Over the course of the lockdown, we’ve done a fair few home deliveries from a selection of restaurants ranging from very top-end to pretty mid-range.
Some have been decent, some not so great, and others we’ve simply done as a means of helping out a sector that has been stretched to the limits by the complete cessation of business.
Of them all, by far the most enjoyable was the Dishoom Home Feast, although there is a very important caveat, which is that I didn’t prepare it. Virtually all of the previous deliveries were mercifully easy to prepare, with most needing nothing more than an ability to turn on the oven.
The Dishoom Home Feast was a conspicuous exception, with the whole meal taking just over an hour to prepare and cook. Most of that was chopping vegetables and putting things on skewers (which are provided), although preparing the roti verged on baking, and the timings have to be quite sharp for everything to be ready at the same time. The pack contained excellent illustrated instructions on how to prepare each dish, but it would, it was noted pointedly (and blithely ignored), been far easier if two of us had been doing the hard yakka in the kitchen.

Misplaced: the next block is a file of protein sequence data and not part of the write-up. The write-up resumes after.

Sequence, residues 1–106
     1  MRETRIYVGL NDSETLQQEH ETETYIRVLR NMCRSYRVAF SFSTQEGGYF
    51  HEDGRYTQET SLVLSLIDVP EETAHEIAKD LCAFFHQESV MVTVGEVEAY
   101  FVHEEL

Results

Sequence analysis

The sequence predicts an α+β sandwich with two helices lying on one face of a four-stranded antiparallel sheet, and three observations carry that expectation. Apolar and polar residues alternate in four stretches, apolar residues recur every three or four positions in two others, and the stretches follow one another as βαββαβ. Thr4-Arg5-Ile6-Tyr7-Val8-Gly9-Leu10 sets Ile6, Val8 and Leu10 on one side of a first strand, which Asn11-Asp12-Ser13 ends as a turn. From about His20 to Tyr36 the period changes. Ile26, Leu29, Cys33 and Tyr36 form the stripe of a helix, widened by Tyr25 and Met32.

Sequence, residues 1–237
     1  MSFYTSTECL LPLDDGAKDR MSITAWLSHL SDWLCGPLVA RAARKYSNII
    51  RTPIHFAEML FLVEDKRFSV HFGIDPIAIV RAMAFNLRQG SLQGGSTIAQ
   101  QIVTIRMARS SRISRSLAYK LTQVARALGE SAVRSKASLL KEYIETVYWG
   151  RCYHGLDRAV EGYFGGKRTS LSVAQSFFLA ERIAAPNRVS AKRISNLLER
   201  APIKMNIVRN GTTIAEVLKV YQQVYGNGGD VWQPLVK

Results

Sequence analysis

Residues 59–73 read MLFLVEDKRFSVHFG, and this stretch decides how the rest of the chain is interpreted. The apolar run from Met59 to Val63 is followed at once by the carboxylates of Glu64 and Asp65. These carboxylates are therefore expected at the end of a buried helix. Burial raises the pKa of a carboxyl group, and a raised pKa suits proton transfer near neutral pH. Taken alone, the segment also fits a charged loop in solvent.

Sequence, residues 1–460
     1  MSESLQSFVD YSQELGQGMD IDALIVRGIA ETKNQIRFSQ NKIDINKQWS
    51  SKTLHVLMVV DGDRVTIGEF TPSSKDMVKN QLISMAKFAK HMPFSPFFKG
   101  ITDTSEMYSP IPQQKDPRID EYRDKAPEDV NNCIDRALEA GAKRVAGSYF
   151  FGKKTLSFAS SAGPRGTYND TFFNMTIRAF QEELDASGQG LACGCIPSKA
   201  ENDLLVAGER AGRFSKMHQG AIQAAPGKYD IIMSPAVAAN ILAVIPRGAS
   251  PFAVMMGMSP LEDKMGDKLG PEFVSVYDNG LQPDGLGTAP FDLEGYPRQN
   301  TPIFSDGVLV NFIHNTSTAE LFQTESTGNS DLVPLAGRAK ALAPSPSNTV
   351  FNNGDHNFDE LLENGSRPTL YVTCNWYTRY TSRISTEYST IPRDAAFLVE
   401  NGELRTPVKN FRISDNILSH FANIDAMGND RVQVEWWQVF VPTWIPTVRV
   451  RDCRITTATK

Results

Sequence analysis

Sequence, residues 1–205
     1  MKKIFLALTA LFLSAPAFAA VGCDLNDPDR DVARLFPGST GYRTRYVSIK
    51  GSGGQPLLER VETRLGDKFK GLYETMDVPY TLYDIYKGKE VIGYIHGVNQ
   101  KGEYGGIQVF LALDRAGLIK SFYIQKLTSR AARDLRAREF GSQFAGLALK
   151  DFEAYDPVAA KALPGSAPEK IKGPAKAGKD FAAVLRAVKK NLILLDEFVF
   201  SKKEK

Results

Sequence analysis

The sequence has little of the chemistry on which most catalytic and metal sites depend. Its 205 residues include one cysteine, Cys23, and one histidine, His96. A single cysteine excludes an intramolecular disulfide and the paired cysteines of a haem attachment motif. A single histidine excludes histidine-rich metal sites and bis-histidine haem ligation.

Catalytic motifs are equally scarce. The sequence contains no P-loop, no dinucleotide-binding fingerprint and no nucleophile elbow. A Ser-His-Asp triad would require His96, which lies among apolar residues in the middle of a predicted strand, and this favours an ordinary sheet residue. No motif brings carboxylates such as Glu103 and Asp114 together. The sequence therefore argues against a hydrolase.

The result, however, was superb. Dishoom is one of our family’s favourite venues (my daughter chose it for her twenty-first birthday) and the home feast is every bit as good as the food in the restaurant. To start there’s a big bottle of mango lassi, followed by an excellent selection of favourites from the restaurant. There’s bhel, lamb sheesh kebab, murgh malai, mattar paneer, black daal, kachumber and tawar roti, with gulkand mess (an Indian variation on Eton Mess) to round off.
It was, in short, an unexpectedly wonderful feast, and there was plenty of it. It is sold as a meal for two, but when the two twentysomethings smelled enticing wafts coming from the kitchen they hung around until finally, and reluctantly, invited to join the fray.
In truth there was just about enough for four people, with the consensus that absolutely every dish was outstanding. With a price tag of £60, which includes a Dishoom tea towel (or £80 if you insist on having a bottle of sparkling, which we didn’t) this is really good value – especially if you don’t have to do the cooking.
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